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Haplotype networks of the eight MLST loci.Haplotypes of strains of Cng that have never been found outside Africa are shown in green: filled green circles designate haplotypes of strains that were obtained from trees (most were also found in patients), and empty green circles signify haplotypes that were obtained only from patients. Cosmopolitan haplotypes are shown in brown: filled brown circles designate haplotypes of strains from pigeon excreta (most were also found in patients), and empty brown circles signify haplotypes that were obtained only from patients. Circles that are half green and half brown indicate haplotypes of strains found in trees and pigeon excreta. Haplotypes from the global VNII subpopulation of Cng are included as an outgroup; they are shown in black and lightly encircled. Red dots on the lines connecting the haplotypes represent the most parsimonious number of mutational steps required to generate the allelic polymorphisms. Recombinant haplotypes are excluded. The most common haplotype in Asia and elsewhere, M5, is shown in blue. (From reference [14] and used with permission of the publisher.)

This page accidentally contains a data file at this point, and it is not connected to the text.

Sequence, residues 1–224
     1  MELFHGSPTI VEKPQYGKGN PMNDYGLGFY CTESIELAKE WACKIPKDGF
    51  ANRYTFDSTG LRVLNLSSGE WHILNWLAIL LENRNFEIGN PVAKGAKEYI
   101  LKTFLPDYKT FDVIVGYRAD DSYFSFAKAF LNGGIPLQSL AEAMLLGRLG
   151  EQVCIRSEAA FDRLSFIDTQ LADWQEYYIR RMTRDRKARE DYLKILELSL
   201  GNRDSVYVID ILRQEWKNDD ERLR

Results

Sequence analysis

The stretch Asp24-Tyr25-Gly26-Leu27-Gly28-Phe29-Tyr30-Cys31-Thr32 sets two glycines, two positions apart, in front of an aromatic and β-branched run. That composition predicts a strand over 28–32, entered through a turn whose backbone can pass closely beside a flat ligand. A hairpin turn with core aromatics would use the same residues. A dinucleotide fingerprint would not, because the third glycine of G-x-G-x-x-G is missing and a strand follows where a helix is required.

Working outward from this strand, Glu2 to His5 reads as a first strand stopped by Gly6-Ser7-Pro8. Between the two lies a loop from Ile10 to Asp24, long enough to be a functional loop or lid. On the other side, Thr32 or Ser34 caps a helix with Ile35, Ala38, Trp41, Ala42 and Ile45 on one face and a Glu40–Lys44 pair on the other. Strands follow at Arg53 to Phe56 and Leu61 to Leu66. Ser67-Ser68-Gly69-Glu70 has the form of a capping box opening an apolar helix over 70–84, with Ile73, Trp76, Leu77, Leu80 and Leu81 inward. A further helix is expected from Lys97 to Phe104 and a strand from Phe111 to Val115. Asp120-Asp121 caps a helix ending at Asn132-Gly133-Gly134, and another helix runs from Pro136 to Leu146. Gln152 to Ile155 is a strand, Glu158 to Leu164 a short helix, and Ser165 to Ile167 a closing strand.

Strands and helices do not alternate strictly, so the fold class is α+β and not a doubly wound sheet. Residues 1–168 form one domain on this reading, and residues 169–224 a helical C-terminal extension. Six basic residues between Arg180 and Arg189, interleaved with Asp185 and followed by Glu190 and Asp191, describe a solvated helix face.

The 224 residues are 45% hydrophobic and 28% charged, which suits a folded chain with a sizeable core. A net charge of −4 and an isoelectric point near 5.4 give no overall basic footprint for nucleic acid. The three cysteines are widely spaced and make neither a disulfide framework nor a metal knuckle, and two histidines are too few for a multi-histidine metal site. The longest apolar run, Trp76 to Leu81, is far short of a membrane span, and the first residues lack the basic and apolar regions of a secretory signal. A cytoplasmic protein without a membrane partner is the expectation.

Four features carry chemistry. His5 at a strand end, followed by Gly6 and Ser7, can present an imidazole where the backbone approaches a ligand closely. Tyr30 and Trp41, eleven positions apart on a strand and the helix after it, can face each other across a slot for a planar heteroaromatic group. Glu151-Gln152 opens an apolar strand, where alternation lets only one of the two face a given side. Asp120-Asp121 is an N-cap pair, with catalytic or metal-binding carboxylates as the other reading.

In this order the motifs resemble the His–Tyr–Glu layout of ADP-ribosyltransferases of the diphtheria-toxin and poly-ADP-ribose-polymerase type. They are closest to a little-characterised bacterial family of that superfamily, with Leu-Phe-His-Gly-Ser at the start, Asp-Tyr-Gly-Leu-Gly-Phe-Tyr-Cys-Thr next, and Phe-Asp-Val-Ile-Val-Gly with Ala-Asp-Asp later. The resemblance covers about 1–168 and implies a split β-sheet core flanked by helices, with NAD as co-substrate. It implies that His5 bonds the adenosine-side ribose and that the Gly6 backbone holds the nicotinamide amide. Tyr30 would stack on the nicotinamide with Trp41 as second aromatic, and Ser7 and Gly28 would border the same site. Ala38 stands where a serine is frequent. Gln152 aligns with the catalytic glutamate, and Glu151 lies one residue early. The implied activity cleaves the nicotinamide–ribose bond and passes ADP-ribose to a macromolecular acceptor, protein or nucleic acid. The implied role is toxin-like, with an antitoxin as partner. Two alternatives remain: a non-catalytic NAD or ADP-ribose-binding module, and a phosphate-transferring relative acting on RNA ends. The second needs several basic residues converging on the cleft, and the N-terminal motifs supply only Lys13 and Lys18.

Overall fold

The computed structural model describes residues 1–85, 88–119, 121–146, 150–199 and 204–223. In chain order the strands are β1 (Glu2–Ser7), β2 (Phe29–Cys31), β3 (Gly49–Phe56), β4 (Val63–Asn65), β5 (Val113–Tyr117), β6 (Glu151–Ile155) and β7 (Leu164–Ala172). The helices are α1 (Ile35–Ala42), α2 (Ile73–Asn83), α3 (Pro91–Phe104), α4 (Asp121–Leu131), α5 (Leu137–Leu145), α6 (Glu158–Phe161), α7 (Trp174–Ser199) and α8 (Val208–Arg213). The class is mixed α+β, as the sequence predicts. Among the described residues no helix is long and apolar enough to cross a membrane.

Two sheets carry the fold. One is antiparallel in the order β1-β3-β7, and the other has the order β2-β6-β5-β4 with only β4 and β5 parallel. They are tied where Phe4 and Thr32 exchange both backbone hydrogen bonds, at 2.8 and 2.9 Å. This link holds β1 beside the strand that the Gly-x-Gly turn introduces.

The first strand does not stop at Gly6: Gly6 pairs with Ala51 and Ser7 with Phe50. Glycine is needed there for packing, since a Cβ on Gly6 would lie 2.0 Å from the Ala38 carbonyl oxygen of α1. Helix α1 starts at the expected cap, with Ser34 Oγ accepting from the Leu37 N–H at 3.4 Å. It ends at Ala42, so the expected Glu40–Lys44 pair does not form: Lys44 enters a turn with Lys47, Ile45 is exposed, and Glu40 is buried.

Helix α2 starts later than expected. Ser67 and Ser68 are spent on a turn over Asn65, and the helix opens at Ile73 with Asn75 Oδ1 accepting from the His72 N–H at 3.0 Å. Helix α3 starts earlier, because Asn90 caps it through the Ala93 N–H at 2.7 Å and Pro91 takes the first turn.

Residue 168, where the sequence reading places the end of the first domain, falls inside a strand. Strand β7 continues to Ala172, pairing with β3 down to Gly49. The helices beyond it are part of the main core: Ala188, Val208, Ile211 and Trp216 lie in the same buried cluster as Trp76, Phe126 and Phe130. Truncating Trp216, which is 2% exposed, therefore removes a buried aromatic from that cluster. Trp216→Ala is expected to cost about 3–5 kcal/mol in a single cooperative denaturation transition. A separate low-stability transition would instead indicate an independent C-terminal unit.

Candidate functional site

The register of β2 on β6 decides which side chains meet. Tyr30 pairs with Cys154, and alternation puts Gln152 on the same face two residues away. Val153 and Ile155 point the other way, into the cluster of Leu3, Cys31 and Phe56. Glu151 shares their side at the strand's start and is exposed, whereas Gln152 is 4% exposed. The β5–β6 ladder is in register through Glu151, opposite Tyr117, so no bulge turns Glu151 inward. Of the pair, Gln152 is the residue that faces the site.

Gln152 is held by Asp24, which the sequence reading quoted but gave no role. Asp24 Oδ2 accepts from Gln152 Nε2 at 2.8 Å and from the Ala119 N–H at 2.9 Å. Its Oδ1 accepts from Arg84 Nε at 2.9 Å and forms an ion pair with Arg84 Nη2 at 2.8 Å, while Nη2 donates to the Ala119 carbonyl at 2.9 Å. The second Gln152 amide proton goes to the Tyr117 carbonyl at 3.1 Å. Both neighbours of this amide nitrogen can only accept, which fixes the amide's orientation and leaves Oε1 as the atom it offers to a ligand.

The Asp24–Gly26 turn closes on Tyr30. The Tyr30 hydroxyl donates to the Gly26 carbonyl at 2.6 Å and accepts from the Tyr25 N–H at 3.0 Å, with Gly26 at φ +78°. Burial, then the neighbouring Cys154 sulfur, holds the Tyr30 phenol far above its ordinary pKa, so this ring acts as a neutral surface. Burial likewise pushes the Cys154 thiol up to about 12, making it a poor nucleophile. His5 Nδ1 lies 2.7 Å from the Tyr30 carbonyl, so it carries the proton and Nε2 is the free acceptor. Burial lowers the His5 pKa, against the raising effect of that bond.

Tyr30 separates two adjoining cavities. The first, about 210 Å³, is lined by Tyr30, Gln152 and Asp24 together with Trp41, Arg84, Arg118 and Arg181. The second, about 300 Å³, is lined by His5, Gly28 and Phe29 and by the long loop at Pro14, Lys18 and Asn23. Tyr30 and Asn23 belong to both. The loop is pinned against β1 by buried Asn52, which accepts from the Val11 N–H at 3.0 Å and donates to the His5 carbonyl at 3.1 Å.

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ppat-1002495-g002: Haplotype networks of the eight MLST loci.Haplotypes of strains of Cng that have never been found outside Africa are shown in green: filled green circles designate haplotypes of strains that were obtained from trees (most were also found in patients), and empty green circles signify haplotypes that were obtained only from patients. Cosmopolitan haplotypes are shown in brown: filled brown circles designate haplotypes of strains from pigeon excreta (most were also found in patients), and empty brown circles signify haplotypes that were obtained only from patients. Circles that are half green and half brown indicate haplotypes of strains found in trees and pigeon excreta. Haplotypes from the global VNII subpopulation of Cng are included as an outgroup; they are shown in black and lightly encircled. Red dots on the lines connecting the haplotypes represent the most parsimonious number of mutational steps required to generate the allelic polymorphisms. Recombinant haplotypes are excluded. The most common haplotype in Asia and elsewhere, M5, is shown in blue. (From reference [14] and used with permission of the publisher.)